Recycling and NRCS Becomes a Way of Life
By Travis Badger, Soil Conservation Aid, Morgan County Soil and Water Conservation District, Hartselle, AL
According to Santiago Lima of Hartselle, Alabama, “It’s not how much you got, but how you use it.”
Santiago grew up in Argentina in an agricultural family, but his dream was to start a farm in the USA. He immigrated to the U.S. in 1998, and began to look for a spot of land he could afford. In 2004, he purchased 25 acres in Hartselle. His dream was coming true. Now, with not much cash, he had to make this farm productive.
He began to farm approximately 17 acres of the land using the idea of “waste not—want not.” Recycling was a must. He became a recycling example for others to follow.
Santiago realized that fresh water could become a big issue and began recycling rain water by installing rain catchers on all structures on his farm. He used discarded advertisement and political signs as temporary patches on structures. When a wind storm downed trees on his property, he promptly had them sawed into lumber to put siding on his buildings. He found uses for junk lying around on the property such as an old car. He salvaged what he could to build other structures and equipment. Eventually he turned his small plot into a productive farm of cattle, hogs, chickens, beehives, and fruit trees.
This success of his small farm did not all come from his own ideas and recycling, he admits. Santiago credits NRCS for much of the new technology being used on his farm. Not did NRCS assisted him financially with his farm practices, but they gave him technical advice as well.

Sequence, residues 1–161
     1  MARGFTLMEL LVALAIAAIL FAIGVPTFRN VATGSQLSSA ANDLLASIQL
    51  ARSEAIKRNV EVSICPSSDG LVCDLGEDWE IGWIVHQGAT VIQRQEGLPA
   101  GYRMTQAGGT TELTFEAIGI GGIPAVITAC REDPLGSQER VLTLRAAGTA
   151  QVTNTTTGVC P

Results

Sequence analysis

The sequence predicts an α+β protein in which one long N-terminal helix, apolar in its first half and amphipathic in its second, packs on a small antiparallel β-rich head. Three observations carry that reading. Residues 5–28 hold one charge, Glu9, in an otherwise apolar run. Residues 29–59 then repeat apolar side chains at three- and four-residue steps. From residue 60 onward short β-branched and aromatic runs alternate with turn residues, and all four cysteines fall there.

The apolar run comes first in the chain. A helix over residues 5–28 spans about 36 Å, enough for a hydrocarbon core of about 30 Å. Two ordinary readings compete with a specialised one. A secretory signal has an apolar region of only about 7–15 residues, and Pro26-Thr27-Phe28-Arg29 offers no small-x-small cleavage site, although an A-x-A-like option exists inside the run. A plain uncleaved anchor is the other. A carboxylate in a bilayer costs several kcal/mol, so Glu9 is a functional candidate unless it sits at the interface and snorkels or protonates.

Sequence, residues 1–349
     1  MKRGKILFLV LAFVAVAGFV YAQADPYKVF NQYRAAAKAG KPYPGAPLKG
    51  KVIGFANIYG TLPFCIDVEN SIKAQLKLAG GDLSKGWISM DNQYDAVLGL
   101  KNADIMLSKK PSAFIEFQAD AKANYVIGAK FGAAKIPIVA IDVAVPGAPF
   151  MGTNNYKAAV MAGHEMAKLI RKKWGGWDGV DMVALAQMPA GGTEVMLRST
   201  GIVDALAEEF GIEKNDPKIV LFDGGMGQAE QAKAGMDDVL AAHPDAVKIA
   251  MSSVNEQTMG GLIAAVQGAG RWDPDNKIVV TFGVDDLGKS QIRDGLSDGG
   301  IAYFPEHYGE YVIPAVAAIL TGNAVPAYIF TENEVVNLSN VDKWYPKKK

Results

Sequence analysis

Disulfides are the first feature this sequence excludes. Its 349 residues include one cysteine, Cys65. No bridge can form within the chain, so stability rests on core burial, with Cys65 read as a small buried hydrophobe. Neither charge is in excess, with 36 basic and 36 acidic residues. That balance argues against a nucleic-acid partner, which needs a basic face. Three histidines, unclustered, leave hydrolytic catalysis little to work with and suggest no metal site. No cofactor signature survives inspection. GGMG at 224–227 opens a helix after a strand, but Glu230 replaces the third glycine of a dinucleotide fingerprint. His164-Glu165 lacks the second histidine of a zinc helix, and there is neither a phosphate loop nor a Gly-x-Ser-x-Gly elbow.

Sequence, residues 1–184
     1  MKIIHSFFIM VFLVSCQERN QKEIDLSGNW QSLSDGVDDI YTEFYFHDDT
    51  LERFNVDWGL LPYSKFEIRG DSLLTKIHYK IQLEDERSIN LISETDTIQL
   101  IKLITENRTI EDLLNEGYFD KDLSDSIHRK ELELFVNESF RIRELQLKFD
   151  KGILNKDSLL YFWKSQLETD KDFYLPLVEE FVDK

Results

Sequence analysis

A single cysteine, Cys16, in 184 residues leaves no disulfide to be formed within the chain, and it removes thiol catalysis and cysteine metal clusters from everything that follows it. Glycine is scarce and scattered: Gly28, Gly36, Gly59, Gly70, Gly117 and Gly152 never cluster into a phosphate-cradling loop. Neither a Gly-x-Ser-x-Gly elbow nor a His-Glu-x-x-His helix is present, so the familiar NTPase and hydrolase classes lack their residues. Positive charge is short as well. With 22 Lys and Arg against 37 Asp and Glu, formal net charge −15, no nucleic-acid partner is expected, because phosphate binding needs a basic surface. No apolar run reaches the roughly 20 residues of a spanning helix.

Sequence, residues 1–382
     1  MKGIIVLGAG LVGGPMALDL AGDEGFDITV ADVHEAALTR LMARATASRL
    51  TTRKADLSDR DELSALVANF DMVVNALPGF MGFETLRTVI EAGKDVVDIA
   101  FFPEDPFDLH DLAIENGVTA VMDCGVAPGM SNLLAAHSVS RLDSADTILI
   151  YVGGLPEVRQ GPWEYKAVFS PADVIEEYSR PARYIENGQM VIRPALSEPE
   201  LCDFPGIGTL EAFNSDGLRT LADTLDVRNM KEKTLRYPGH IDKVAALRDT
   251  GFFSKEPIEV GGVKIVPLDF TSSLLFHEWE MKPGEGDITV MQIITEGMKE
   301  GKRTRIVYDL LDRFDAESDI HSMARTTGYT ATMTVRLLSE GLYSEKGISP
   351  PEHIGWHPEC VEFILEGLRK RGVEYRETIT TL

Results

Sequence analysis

Due to Santiago’s immigration status, he qualified as a Socially Disadvantaged Farmer. NRCS practices helped him take his small 17 acre plot and use every inch of it to his advantage.
His current practices with NRCS are pest management, pipeline, prescribed grazing, seasonal high tunnel, upland wildlife habitat management, water well, and a watering facility. His past practices that helped him succeed on his farm are forest stand improvement, pest management, upland wildlife habitat management, fencing, nutrient management, pasture-hay planting, prescribed grazing, and a stream crossing.
The stream crossing was one of the first practices that helped Santiago realize that NRCS knew what they were doing. Santiago listened as the technician recommend the stream crossing, but he really did not think it would work. Going against his better judgment, he approved the project.
Santiago was amazed at how well the stream crossing worked, how it improved the water quality of the stream, and how it has held up over time.
Conservation has become a way of life for Santiago Lima. He is a prime example of how NRCS benefits farmers and helps conserve natural resources.
Santiago states that his ultimate goal would be to produce bio-fuel for his tractor! Santiago agrees that if NRCS were to begin a practice to produce bio-fuel, he will be the first to sign up.